Critical Elements and the rising demand of lithium
Critical Elements Corporation (TSXV: CRE | OTCQX: CRECF | FSE: F12), has developed a compelling narrative to rebut the equity market’s reluctance to support the mining sector, an enviable state of being that is highly sought after among junior minors in this time of financial strife.
The company is a Canadian mining exploration company, which began drilling the Rose property, located in the northeast part of the Archean Superior Province of the Canadian Shield craton, in late 2009. Mineralization recognized to date on the Rose property has revealed the presence of Lithium along with other rare earth elements such as Cesium, Tantalum or LCT-type pegmatites and molybdenum occurrences.
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First, the company has built a two-step approach to cash flowing operation soon after beginning of operations of Rose Tantalum-Lithium project in James Bay. CEO, Jean-Sebastien Lavallee, “We’re negotiating globally with users of concentrated spodumene and tantalum from our first stage flotation plant, this will permit us to generate cashflow early on and will permit us to raise finances for our purification plant for the project of lithium carbonate.“
Second, the Rose project has an outstanding financial profile. The project capex and rates of return are appealing and warrants the attention of investors: A recent financial analysis of the Rose Project based on price forecasts of US$260/kg ($118/lb) for Ta2O5 contained in a tantalite concentrate and US$6,000/t for lithium carbonate (Li2CO3) show an after-tax Internal Rate of Return (IRR) of an estimated 25% for the Rose Project, with an estimated Net Present Value (NPV) of CA$279 million at an 8% discount rate. The payback period is estimated at 4.1 years. The pre-tax IRR is estimated at 33% and the NPV at $488 million at a discount rate of 8%.
Third, its mineralogy is understood and has been the object of commercial production elsewhere in Canada (Manitoba). It consists of 26,500,000 tonnes of indicated resources containing 1.30% Li2O Equivalent (Eq) or 0.98% Li2O (259,700 tonnes of Li2O or 642,238 tonnes of Li2CO3 Eq), 163 ppm of Ta2O5 (9,514,317 pounds of Ta2O5) and 10,700,000 tonnes of inferred resources containing 1.14% Li2O Equivalent (Eq) or 0.86% Li2O (92,020 tonnes of Li2O or 227,565 tonnes of Li2CO3 Eq), 145 ppm Ta2O5 (3,417,400 pounds of Ta2O5). The resource was compiled using a cut-off grade of 41$/t for the open pit model and $66/t for the underground model (taking Li and Ta recovery into consideration) based on the current estimation of the resource and market conditions.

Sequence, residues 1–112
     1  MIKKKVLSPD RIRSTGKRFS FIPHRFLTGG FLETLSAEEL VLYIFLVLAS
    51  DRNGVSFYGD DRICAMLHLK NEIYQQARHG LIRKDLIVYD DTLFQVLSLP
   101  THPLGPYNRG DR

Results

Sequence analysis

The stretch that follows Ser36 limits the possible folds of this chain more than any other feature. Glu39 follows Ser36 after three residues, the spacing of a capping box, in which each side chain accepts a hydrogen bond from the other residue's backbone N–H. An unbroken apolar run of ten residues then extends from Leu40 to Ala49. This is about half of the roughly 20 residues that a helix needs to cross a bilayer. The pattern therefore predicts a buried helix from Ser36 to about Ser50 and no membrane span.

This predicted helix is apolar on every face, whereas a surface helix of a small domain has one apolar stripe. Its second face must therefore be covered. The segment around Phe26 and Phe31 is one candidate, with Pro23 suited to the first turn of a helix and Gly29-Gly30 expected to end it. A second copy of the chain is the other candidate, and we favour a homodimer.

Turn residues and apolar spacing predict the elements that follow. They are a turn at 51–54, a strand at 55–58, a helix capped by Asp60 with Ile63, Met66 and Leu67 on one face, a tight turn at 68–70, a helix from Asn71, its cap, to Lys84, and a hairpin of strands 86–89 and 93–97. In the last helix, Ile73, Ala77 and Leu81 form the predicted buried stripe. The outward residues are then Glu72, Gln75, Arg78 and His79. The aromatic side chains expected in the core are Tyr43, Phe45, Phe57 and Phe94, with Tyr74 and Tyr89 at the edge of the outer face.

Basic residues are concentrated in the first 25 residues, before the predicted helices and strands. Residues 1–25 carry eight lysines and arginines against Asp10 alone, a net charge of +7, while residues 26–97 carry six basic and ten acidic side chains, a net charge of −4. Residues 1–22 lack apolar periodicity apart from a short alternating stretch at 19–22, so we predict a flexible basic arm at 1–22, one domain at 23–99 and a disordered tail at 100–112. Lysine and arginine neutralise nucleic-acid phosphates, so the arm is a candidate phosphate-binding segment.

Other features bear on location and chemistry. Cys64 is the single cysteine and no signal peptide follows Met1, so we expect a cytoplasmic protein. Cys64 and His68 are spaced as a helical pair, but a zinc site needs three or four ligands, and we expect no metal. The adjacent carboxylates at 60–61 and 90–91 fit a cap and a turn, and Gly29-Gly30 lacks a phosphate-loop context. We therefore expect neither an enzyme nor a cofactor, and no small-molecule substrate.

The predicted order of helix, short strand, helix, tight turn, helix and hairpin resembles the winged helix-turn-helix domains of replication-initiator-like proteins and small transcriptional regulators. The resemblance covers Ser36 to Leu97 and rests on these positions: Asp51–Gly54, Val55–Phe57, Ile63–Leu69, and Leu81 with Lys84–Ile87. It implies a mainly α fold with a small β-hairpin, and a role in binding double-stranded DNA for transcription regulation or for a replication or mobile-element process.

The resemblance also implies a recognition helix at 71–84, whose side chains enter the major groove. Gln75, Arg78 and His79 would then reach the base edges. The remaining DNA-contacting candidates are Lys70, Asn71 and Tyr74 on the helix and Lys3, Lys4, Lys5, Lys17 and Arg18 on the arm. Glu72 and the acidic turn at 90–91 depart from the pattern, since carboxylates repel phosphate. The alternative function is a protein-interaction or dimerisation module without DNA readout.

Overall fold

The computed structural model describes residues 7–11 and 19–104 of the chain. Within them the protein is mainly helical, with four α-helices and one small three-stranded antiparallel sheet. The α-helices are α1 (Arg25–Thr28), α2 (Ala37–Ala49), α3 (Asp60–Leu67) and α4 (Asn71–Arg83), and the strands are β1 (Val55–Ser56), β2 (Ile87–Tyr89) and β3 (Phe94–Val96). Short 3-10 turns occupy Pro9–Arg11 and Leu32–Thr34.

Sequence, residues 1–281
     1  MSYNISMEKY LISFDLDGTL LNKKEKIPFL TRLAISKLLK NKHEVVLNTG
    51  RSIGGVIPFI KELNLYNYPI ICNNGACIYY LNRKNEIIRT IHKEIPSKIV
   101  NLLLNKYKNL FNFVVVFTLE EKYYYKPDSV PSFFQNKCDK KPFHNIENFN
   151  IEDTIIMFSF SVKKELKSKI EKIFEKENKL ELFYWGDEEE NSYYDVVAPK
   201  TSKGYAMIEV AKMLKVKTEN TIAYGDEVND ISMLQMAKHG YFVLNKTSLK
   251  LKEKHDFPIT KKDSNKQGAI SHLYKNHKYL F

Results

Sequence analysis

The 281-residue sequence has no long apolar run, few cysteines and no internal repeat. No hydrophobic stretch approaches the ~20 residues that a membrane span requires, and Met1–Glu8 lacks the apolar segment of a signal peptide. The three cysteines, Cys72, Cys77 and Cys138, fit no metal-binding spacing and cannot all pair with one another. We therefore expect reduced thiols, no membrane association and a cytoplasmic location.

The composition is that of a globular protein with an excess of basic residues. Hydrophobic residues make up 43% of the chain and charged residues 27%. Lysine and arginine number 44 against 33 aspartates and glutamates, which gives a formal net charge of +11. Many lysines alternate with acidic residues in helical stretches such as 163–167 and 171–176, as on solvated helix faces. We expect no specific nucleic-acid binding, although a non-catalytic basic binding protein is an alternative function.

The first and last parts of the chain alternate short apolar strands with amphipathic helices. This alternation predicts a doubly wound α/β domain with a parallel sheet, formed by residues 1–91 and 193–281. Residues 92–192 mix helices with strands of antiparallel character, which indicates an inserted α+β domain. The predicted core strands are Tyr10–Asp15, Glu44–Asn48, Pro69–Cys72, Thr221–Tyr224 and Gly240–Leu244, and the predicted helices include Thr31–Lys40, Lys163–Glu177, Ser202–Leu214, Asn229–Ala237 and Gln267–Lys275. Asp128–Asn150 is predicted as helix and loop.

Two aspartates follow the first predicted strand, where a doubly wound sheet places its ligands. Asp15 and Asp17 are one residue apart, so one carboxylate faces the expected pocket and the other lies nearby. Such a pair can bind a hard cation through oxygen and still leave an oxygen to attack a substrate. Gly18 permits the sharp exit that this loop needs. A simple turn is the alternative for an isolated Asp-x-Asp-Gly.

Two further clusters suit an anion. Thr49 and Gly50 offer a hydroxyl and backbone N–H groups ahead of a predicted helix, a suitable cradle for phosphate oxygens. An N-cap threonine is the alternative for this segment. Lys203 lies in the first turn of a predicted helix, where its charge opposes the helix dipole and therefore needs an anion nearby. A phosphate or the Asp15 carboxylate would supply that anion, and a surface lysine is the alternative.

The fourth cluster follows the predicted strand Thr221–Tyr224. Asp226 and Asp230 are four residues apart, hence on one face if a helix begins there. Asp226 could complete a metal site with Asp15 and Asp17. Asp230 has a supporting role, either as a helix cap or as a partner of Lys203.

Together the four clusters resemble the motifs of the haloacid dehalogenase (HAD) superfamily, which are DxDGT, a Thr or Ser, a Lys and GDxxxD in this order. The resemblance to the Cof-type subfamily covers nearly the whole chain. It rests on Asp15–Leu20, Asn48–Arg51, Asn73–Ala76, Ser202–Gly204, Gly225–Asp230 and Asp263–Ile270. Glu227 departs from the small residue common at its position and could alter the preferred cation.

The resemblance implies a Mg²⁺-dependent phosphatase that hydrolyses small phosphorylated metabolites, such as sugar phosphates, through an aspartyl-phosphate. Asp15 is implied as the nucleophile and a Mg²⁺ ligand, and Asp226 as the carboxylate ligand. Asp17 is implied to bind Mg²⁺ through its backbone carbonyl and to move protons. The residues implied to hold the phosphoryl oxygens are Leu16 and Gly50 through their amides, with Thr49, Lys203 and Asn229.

Fourth, it is emerging at a time when lithium demand is about to increase significantly, thanks to the emergence of lithium-grabbing projects such as Tesla’s planned $5 billion lithium ion battery plant in Nevada which is expected to create a significant demand for lithium. Because of such initiatives many forecast a shortage in lithium.
Fifth, Critical Elements has been at this project since 2009, permitting it to understand the lay of the land, the stakeholders and the market. For example, hydrometallurgical testing has determined that the developed process can safely produce lithium carbonate with an overall recovery rate up to 96%. The overall purity gave values up to 99.98%, which surpasses the requirements of battery grade lithium carbonate.
The results of such testing may be even more motivating because lithium hydroxide, and not lithium carbonate, is currently lacking the lithium chemical necessary for battery manufacturing. The reason for this shortage is that lithium brine deposits naturally contain much more lithium carbonate than lithium hydroxide and brine deposits, which are currently the most significant sources for lithium. Critical Elements Corporation’s exciting find may therefore enable the rapid production of the Rose project and the subsequent exploitation of a new and vital source of lithium in North America.
Dr. Luc C. Duchesne is a Speaker and Author with a PhD in Biochemistry. With three decades of scientific and business experience, he has published ... <Read more about Dr. Luc Duchesne>